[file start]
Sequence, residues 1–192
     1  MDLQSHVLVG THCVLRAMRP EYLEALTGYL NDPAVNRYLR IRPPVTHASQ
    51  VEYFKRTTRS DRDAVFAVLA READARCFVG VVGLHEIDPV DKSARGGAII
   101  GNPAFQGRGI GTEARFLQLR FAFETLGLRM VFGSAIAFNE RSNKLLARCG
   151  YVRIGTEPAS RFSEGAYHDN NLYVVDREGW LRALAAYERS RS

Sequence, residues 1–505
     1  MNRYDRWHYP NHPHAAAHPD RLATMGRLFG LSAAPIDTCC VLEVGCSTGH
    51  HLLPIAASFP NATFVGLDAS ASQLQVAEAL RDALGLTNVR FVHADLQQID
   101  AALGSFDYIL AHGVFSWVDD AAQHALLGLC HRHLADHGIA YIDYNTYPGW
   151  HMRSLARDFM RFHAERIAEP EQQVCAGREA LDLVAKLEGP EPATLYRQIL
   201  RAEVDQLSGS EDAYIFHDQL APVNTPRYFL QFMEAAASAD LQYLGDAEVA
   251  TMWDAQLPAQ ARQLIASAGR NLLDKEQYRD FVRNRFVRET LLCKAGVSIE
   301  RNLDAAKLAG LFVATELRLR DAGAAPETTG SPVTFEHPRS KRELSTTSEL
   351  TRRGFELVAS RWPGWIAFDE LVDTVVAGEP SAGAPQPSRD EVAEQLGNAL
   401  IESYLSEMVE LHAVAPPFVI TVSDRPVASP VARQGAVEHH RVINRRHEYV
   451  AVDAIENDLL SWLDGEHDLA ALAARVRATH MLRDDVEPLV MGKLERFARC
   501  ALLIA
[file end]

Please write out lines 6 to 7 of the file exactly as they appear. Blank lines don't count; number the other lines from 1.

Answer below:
Sequence, residues 1–505
     1  MNRYDRWHYP NHPHAAAHPD RLATMGRLFG LSAAPIDTCC VLEVGCSTGH